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special needs trust

Special Needs Trusts and CRDs: Today's Slott Report Mailbag

Question: Under the SECURE Act, if we can assume a Special Needs Trust can qualify for the stretch via the disabled beneficiary, what happens when the special needs trust beneficiary passes? The next named beneficiary (remainder) is a brother and/or nephew under this trust. Yet it's already an inherited IRA. Would that formula continue to the next remainder beneficiary in line, i.e., would the stretch continue? Answer: The SECURE Act left many questions unanswered, especially when it comes to trust beneficiaries, but your situation may have an answer. You are correct that, under the new law, there are special rules for a trust for disabled or chronically ill beneficiaries that allow RMDs to be paid from the IRA to the trust using the beneficiary’s life expectancy.

Sometimes It Pays to Treat Your Kids Unequally

As the father of more than one child, I understand the desire to try and treat children as equally as possible. You certainly don’t want one child to think you love him/her any less, or more, than your other children (though children will inevitably feel that way at one time or another), and you want the best for all of your children. But while children may share the same parents, may grow up in the same house and may be raised in the same manner, they are very much like snowflakes. Each one is truly unique. For those not set on a predetermined course of action when developing an estate plan, there are definitely scenarios where, from a purely financial perspective, it can pay to treat children differently. In fact, doing so can, in some cases, leave everyone with more than they would have otherwise.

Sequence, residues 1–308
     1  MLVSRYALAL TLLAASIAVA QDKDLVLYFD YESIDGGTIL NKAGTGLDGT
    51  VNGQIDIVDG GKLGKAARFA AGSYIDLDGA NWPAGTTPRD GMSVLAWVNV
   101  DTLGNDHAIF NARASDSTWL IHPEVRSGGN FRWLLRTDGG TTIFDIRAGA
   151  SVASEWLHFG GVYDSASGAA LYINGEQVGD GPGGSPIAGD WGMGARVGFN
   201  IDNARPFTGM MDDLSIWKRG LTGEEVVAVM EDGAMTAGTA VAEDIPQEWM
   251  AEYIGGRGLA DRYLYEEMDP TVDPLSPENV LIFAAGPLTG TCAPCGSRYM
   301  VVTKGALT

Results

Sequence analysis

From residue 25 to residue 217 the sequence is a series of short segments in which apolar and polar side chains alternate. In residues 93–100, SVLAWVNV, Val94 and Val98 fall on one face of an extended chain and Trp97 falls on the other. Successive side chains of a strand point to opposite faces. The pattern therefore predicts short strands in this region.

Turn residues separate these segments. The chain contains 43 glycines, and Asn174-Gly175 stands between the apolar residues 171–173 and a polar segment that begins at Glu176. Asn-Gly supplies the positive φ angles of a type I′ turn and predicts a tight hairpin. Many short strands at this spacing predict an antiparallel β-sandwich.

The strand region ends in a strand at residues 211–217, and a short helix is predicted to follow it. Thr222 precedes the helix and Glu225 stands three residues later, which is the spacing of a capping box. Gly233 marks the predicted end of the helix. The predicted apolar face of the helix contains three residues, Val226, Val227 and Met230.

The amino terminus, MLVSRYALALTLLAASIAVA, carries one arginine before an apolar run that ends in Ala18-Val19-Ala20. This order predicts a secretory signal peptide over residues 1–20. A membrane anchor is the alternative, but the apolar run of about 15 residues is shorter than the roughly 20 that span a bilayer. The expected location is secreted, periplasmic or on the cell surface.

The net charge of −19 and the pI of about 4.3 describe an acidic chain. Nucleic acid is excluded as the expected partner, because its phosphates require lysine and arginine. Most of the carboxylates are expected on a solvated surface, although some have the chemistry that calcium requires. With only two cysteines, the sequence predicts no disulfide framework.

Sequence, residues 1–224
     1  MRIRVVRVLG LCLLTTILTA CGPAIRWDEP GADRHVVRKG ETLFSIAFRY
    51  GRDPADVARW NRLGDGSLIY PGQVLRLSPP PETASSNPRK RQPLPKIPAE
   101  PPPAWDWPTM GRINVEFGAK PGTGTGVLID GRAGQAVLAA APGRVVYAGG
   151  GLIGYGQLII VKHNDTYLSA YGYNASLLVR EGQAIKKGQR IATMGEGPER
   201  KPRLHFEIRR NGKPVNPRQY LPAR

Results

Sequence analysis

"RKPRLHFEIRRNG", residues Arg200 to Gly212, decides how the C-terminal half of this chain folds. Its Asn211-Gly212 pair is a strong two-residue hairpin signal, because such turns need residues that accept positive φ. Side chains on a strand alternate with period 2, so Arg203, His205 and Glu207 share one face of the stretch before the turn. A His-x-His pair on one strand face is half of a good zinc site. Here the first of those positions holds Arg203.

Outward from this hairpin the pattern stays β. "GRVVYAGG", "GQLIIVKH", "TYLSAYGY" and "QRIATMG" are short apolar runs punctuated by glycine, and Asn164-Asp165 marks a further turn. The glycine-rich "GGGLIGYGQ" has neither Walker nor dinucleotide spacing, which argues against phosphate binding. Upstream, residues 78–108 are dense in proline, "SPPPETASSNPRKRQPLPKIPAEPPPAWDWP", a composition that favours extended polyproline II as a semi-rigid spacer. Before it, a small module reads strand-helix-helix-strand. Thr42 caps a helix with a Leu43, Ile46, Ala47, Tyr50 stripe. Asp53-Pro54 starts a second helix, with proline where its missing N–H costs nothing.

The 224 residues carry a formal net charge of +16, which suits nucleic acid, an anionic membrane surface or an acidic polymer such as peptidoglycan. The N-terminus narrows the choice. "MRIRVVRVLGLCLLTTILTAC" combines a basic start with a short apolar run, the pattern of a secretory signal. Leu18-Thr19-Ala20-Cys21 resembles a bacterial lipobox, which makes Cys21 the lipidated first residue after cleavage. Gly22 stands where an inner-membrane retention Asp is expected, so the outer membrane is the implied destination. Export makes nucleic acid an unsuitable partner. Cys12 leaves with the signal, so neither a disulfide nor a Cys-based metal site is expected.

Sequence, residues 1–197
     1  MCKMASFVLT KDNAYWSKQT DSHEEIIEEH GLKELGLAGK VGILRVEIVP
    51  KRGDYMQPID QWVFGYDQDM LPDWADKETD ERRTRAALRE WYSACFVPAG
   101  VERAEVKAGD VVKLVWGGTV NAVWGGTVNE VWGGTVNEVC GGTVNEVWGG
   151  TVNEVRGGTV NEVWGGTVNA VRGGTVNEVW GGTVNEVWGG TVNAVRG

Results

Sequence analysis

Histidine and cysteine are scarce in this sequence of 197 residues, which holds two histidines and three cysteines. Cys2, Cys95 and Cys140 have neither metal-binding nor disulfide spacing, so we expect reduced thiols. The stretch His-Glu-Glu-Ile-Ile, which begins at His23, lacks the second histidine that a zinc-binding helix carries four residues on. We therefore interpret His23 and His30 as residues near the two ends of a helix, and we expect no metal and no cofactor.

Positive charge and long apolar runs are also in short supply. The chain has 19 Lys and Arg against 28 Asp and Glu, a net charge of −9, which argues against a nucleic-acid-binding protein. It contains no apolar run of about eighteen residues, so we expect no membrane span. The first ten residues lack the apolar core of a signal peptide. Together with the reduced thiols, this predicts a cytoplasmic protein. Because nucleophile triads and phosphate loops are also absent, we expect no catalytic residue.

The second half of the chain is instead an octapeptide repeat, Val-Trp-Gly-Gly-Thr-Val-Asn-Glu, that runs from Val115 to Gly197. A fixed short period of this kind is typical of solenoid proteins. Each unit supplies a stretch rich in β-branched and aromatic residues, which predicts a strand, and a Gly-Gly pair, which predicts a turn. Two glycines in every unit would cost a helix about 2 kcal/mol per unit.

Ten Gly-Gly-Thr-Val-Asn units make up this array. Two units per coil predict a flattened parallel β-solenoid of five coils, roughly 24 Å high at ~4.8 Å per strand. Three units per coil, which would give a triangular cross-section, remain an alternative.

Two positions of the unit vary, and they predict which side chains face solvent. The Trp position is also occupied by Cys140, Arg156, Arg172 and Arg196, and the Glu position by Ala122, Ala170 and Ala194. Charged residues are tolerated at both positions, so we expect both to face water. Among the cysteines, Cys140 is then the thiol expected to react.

Planning With a Special Needs Child Must Span Two Generations

Even though it was 25 years ago, it seems like yesterday that my wife and I had our son evaluated by a pediatric specialist who told us our son would never live independently. When our child was diagnosed with a special need, our initial focus was on learning about the disability (autism), finding therapists and researching educational rights. Preparing for our child’s financial future (and even your own) was not an initial priority. The reality is that when there is a disabled child, the family financial plan has to span two generations rather than one. The following plan needs to take into account the potential for government benefits and, with any comprehensive plan, has to address how to minimize taxes.

Special Needs Trusts vs. ABLE Accounts - Which is Better?

ABLE (Achieve a Better Living Experience) accounts are a brand new type of tax-favored savings account created to benefit young disabled persons. One of the questions that has been asked with increasing frequency is, “Should I use a special needs trust or an ABLE account to safeguard my money [for my special needs beneficiary]?” We outline 5 key areas to consider, along with a brief description of whether an ABLE account or special needs trust gets the edge in that area.

3 Tips When Planning for a Special Needs Child

Does one of your clients have a special needs child? Are you starting to plan yourself for a special needs child? Jeffrey Levine details 3 tips you should follow when planning for a special needs child.

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